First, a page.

Results from a patient survey seem to indicate that men and women perceive their care needs differently following total hip replacement (THR) surgery.
According to the survey, women seek responsiveness and clear communication from nurses and doctors. On the other hand, men seek optimal pain management.
As part of a study presented recently at the Annual Meeting of the American Academy of Orthopaedic Surgeons (AAOS), researchers studied survey results from 692 patients who had undergone THR surgery between November 2009 and January 2015. The respondents included 277 men and 414 women, all of whom had a mean age of 62.
The men and women had comparable mean hospital satisfaction scores, and there were no significant differences in the grading of nurse communication, staff responsiveness, doctor communication, hospital environment, pain management, and communication about medication.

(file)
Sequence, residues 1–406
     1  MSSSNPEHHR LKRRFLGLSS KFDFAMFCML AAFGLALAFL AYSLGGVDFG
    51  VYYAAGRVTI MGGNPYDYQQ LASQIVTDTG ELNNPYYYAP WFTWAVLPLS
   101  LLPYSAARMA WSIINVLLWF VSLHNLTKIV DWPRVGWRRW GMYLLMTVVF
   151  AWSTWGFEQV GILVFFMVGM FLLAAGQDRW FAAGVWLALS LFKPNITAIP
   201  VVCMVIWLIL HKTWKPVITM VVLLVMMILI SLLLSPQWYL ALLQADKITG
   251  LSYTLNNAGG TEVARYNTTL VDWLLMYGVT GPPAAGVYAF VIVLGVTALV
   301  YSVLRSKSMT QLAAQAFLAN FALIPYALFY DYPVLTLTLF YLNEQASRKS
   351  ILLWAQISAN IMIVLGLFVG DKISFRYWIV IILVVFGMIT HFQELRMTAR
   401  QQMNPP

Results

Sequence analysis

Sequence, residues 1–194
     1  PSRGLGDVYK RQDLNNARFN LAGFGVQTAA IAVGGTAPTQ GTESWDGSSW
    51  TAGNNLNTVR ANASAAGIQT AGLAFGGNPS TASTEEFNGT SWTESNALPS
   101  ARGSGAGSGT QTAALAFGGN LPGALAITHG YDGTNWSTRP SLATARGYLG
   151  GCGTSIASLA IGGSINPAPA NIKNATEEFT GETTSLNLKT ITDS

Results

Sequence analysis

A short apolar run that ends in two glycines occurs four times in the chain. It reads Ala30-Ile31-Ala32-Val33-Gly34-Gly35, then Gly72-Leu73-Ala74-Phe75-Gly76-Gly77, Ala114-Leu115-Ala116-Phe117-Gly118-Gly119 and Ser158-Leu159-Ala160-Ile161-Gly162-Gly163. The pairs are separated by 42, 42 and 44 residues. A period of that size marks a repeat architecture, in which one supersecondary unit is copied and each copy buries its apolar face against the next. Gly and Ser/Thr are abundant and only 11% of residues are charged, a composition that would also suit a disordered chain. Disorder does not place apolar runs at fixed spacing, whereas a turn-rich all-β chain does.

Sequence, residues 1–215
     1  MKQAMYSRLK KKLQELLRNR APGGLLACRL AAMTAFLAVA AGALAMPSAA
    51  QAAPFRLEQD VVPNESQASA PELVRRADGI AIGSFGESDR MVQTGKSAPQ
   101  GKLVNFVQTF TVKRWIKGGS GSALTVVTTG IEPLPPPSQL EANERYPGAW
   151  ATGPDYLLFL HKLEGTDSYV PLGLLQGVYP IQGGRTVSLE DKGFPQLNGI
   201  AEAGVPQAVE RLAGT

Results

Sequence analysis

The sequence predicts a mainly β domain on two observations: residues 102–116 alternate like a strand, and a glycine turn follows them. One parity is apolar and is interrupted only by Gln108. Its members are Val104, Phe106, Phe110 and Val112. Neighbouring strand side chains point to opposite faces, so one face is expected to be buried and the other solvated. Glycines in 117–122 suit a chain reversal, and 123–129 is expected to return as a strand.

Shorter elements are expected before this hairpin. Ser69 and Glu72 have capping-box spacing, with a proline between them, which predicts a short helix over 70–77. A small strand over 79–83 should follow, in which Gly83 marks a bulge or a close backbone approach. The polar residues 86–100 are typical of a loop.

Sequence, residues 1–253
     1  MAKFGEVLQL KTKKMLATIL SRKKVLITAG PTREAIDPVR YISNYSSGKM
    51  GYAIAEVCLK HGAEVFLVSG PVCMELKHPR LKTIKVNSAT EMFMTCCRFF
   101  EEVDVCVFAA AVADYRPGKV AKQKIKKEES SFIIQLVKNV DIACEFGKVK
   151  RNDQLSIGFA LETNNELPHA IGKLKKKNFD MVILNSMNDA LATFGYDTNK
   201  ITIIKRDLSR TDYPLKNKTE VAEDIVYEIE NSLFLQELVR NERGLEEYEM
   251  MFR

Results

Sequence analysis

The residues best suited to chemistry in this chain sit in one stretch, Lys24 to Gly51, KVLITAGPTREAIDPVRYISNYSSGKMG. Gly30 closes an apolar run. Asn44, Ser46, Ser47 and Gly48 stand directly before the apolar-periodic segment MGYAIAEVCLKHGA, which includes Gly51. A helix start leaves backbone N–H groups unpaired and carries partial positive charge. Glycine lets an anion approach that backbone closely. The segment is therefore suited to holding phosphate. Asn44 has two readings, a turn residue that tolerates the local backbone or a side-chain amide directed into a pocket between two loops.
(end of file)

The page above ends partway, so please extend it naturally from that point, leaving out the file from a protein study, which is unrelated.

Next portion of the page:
However, when patient perception was further analyzed, researchers found a gender bias in the factors that influenced men’s and women’s perceptions of care. Women’s patient satisfaction perceptions were most influenced by staff responsiveness, followed by their communication with nurses and doctors. For men, the way their pain was managed had the strongest impact on their overall satisfaction with care, explains a media release from the AAOS.
According to the release, since 2012, when the US Centers for Medicare and Medicaid Services shifted from a fee-for-service to a fee-for-performance model, patient satisfaction has partially determined reimbursement rates.
With this in mind, study author Anton Khlopas, MD, notes that overall, patient satisfaction should be the goal of every orthopaedist.
“Focusing efforts based on gender may allow for better patient satisfaction,” he adds.
[Source(s): American Academy of Orthopaedic Surgeons, PR Newswire]